Brazil may sell its Mi-35 helicopters to Libyan faction

According to a French website, the Brazilian Air Force is negotiating sales of Russian combat helicopters to the Libyan National Army, an anti-Islamist military group

A triangular operation involving Brazil, the United Arab Emirates and the Libyan National Army could result in the sending of Mi-35 helicopters to Libya, says the website Intelligence Online.

Purchased from Russia as part of a compensation between the two countries, 12 Mi-35 helicopters (export version of the Mi-24) were incorporated by the Brazilian Air Force in the past decade and operate in the Amazon. However, aircraft have suffered from low availability and problems with spare parts.

For this reason, the Brazilian government would be negotiating the sale of the first batch of six helicopters, which were already used by Russia. The operation would also involve Rosoboronexport, a Russian company specialized in the export of military equipment, and financed by the United Arab Emirates.

The Libyan National Army is a military organization formed in 2014 by Marshal Khalifa Haftar with the aim of overthrowing Islamist leadership in the country. Since last year, the faction has been trying to take control of the capital Tripoli after expelling Islamic groups from Bengazi, Libya’s second largest city.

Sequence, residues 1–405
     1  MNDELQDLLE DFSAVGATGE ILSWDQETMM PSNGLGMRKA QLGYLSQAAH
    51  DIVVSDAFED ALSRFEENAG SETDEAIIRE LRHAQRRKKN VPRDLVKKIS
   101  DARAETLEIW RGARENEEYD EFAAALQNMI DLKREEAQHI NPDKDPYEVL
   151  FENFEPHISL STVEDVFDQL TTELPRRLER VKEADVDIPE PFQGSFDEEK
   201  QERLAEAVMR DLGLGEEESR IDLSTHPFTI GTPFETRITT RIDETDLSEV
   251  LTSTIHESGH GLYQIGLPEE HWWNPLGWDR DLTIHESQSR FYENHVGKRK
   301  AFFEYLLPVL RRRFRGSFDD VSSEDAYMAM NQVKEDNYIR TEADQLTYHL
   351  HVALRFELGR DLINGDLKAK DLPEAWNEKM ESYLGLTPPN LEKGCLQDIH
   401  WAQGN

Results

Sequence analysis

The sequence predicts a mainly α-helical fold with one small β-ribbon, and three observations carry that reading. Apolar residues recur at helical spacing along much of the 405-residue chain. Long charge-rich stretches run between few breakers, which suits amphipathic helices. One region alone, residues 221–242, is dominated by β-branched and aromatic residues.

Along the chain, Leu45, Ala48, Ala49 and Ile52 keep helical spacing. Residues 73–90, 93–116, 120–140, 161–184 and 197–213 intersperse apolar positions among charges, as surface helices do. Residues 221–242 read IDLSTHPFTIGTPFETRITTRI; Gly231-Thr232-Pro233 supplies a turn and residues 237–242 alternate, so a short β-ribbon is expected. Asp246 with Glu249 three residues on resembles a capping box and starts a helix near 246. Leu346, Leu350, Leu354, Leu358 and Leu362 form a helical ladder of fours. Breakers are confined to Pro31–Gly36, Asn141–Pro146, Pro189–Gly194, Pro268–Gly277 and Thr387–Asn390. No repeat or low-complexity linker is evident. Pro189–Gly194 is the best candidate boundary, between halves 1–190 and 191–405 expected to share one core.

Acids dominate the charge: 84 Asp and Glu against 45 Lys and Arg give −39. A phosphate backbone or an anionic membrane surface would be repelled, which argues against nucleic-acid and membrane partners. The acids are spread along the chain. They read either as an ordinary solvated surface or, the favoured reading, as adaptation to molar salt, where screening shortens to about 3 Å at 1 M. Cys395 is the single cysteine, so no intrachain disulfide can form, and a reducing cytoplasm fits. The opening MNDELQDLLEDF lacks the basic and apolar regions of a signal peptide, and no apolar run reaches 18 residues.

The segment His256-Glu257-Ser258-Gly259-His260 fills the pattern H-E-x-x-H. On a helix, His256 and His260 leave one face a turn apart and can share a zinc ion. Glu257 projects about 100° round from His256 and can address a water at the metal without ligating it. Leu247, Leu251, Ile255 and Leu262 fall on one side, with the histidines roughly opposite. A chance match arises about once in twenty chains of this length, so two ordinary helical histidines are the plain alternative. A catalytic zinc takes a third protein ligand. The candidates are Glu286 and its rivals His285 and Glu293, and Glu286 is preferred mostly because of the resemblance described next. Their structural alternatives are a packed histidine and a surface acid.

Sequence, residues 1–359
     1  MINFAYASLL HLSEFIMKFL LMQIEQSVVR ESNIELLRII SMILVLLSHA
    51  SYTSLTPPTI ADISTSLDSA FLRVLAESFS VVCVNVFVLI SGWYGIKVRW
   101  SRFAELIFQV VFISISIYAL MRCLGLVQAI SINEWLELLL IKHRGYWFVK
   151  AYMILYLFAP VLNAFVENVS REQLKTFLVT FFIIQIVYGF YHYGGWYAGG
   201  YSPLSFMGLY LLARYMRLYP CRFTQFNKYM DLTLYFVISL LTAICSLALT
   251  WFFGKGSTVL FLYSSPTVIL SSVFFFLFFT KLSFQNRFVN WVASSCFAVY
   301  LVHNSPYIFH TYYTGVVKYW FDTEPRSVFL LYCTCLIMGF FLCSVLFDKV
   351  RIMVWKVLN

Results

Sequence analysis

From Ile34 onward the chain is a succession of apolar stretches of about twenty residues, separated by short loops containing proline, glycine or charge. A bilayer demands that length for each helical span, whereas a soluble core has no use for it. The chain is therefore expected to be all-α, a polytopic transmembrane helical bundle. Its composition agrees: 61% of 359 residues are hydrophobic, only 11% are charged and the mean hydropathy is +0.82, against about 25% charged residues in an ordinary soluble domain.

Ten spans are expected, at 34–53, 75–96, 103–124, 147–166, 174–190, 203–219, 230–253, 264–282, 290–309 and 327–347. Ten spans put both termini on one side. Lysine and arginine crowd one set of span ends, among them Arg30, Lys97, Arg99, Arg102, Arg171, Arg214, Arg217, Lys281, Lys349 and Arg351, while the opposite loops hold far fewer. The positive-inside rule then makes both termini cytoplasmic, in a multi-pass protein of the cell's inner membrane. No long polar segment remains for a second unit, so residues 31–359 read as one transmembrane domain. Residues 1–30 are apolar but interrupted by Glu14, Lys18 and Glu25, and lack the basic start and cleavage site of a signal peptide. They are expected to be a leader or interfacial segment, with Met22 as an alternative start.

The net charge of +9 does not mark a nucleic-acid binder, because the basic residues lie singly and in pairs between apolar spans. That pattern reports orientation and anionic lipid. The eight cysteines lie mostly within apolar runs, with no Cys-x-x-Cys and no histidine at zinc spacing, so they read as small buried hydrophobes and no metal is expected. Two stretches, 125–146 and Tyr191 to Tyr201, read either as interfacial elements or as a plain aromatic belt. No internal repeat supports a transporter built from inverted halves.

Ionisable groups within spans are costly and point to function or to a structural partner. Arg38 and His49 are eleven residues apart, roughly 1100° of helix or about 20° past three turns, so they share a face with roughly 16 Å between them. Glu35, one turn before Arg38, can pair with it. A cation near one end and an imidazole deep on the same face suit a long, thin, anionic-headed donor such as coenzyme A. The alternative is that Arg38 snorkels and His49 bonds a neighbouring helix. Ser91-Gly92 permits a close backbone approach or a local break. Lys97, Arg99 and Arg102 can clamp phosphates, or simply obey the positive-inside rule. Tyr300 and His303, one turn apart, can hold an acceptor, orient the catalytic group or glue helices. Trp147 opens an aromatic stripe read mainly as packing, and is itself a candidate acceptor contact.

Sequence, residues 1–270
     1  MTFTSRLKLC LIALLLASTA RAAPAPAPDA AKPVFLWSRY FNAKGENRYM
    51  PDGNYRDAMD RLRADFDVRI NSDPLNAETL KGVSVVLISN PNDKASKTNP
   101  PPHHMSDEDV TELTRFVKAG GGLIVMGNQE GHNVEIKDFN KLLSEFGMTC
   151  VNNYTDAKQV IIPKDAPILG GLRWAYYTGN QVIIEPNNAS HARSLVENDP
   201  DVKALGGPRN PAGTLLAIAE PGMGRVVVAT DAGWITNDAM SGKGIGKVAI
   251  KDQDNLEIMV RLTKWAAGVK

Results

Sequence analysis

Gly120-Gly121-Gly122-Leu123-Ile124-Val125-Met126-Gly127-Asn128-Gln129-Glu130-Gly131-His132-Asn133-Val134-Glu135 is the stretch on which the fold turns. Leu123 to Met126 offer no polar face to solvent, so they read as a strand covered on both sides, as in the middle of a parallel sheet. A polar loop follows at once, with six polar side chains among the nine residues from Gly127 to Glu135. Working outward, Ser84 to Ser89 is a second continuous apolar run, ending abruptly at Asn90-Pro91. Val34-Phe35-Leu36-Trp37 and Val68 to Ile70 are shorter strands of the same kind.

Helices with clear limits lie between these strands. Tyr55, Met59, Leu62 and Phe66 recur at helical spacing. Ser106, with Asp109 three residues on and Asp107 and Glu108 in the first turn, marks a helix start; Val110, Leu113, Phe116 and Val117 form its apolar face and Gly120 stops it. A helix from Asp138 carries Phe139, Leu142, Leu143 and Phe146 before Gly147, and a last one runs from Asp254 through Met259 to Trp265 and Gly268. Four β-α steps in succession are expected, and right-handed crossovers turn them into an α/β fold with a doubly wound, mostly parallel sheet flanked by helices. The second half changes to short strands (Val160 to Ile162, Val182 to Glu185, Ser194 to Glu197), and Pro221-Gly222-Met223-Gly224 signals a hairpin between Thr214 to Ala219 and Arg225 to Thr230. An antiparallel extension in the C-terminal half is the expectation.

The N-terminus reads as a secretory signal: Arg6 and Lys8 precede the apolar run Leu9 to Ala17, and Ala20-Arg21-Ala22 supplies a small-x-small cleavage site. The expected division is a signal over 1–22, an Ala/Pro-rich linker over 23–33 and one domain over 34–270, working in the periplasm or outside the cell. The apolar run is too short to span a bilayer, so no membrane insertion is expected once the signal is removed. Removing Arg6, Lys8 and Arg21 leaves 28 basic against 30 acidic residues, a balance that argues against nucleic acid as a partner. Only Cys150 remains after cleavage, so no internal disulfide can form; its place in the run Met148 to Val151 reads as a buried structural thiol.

Due to the complexity of the operation, it is doubtful whether this deal will end up being concluded, but it is noteworthy that the Brazilian government just concluded a strategic partnership agreement with the United Arab Emirates last week. The document cites the fact that both countries “share the common goal of promoting international peace and security, stability and prosperity for all”.

The AH-2 Sabre are operated by the FAB’s Squadron Poti, based in Rondonia (FAB)

Exception in FAB inventory

The Mil Mi-35, named AH-2 Sabre, are the only attack helicopters in operation in Brazil. The 12 units cost $ 326 million in 2008 for the acquisition of the 12 units, but only received the first three helicopters in 2010 and the last ones in 2015.

They equip the Poti squadron, based in the state of Rondonia and have among their missions to watch the borders and fight drug trafficking. The version purchased by the FAB has four weapon attachment points and can carry guided anti-tank missiles and supports with 80 mm rockets. In addition to these weapons, the AH-2 can also carry a 23 mm cannon or a 7.62 mm machine gun.


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